Na descends the canyon





Male Golden-bellied (Southern Yellow) Grosbeak



157  Blue-and-yellow Tanager  Thraupis bonariensis
158  Shining Sunbeam  Aglaeactis cupripennis
159  Spot-billed Ground-Tyrant  Muscisaxicola maculirostris

The 16th - our last full day at the Black Sheep - was passed with another long walk, up to the remnant cloudforest above the hostal. A relatively short, but steady climb up over the ridge of paramo took us to an interesting habitat where shrubby paramo graded gradually into cloudforest, albeit somewhat degraded and invaded by local farmers. The cloud began to descend, appropriately, as we did. We stopped off in a patch of scrub that was reminiscent of Mediterranean maquis, apart from hosting Great Thrush, Glossy and Masked Flowerpiercers and abundant Tyrian Metaltails.

We worked our way round to the cloudforest, where we struck a good patch of birds by virtue of sitting down and having some food: a flock of mixed warblers, tanagers and associated hangers-on came through the trees immediately in front of us, perhaps the most beautiful of which was a couple of Pearled Treerunners - look them up: they're stunning. A couple of Andean Guans provided some extra entertainment, lumbering through the branches above us, and another hummingbird with a spectacular name - a Sapphire-vented Puffleg - fed energetically from the flowers in the canopy. Eventually though, the cloud defeated us - we trailed back to the hostal in increasingly wet and chilly conditions; finally dropping below the cloud and mizzle close to the Black Sheep - a Long-tailed Weasel bounded across the road in front of us near the end of the trail.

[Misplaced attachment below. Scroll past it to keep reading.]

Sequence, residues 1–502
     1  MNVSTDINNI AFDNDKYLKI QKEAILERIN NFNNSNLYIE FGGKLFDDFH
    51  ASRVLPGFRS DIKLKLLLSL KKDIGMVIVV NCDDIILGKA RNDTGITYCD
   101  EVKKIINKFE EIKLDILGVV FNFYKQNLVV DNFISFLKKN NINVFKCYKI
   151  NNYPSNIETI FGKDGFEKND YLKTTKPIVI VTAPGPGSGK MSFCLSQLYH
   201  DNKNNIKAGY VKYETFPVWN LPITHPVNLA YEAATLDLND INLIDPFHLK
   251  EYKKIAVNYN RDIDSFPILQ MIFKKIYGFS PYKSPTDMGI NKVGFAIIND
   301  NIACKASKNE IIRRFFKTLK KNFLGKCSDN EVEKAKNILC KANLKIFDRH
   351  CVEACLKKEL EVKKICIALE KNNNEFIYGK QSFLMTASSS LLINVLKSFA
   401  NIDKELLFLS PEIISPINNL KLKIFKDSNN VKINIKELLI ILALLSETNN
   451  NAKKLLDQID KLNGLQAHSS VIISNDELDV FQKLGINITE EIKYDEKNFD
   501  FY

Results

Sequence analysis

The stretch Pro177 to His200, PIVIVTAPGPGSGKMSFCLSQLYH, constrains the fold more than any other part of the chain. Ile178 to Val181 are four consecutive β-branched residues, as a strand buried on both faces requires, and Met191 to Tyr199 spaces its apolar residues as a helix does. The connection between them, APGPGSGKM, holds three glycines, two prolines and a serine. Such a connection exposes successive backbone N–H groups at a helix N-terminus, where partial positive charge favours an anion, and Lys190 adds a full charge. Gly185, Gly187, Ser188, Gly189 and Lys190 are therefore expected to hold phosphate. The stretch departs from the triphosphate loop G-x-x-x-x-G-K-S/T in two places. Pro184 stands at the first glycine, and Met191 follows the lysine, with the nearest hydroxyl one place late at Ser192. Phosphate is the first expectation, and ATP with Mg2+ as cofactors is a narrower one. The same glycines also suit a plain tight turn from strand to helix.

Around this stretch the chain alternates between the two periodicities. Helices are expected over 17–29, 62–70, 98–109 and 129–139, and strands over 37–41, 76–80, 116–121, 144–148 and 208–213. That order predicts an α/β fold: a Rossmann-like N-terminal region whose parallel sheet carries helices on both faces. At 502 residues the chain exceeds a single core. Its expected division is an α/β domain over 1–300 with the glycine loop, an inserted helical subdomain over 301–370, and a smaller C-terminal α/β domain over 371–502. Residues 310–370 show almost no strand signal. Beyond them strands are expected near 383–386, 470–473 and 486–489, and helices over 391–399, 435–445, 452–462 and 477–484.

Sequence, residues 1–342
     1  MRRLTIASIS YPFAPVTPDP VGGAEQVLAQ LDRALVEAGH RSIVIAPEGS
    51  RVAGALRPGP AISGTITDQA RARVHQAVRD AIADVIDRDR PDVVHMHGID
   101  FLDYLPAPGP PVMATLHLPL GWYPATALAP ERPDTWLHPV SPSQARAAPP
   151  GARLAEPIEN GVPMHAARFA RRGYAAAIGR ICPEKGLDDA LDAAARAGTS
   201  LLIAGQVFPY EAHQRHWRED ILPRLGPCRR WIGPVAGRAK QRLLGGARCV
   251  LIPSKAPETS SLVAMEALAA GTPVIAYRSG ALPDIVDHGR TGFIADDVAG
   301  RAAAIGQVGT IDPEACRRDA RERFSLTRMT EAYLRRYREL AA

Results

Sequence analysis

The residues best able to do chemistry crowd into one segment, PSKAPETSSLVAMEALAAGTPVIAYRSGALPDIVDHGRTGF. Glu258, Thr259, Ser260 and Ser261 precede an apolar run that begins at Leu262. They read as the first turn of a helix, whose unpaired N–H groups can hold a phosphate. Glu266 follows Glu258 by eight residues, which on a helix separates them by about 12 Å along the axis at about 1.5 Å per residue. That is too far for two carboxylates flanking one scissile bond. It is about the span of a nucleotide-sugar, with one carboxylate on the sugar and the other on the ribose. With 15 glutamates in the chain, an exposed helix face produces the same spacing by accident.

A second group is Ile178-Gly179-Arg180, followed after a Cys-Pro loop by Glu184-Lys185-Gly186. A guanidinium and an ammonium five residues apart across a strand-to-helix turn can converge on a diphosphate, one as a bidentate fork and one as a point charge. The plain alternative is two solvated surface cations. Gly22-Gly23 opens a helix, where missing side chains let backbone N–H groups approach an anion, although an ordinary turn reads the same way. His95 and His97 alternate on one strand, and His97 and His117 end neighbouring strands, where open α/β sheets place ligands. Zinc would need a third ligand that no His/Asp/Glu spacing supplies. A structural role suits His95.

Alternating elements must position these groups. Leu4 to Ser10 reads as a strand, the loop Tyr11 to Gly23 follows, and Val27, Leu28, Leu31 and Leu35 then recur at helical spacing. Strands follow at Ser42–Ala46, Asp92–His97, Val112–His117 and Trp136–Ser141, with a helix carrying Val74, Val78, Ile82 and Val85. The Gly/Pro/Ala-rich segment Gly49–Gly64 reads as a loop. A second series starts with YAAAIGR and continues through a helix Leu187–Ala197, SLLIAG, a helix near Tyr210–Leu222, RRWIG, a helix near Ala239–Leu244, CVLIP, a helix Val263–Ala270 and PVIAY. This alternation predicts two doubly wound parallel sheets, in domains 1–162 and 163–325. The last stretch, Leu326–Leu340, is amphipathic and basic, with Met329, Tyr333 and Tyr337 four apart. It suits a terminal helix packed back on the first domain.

On the way to bed, Na told me that there was a small mammal in the toilet block - like a mouse, but with a black and white face. When I made it there, I discovered something rather larger than I expected: an opossum about the size of a young rabbit, lurking behind the waste bin. He/she/it was encouraged out of the building with the aid of the basket...


Common Opossum

160  Andean Guan  Penelope montagnii
161  Great Sapphirewing  Pterophanes cyanopterus
162  Sapphire-vented Puffleg  Eriocnemis luciani
163  White-throated Tyrannulet  Mecocerculus leucophrys
164  Pearled Treerunner  Margarornis squamiger
165  Streaked Tuftedcheek  Pseudocolaptes boissonneautii
166  Sedge Wren  Cistothorus platensis
167  Paramo Pipit  Anthus bogotensis
168  Spectacled Redstart  Myioborus melanocephalus
169  Black-chested Mountain-Tanager  Buthraupis eximia
170  Buff-breasted Mountain-Tanager  Dubusia taeniata
171  Band-tailed Sierra-Finch  Phrygilus alaudinus
172  Glossy Flowerpiercer  Diglossa lafresnayii
173  Masked Flowerpiercer  Diglossopis cyaneus
Opossum  Didelphis marsupialis

Long-tailed Weasel Mustela frenata

1 comment:

Michelle said...

great review and awesome photos, although that Opossum is becoming a problem!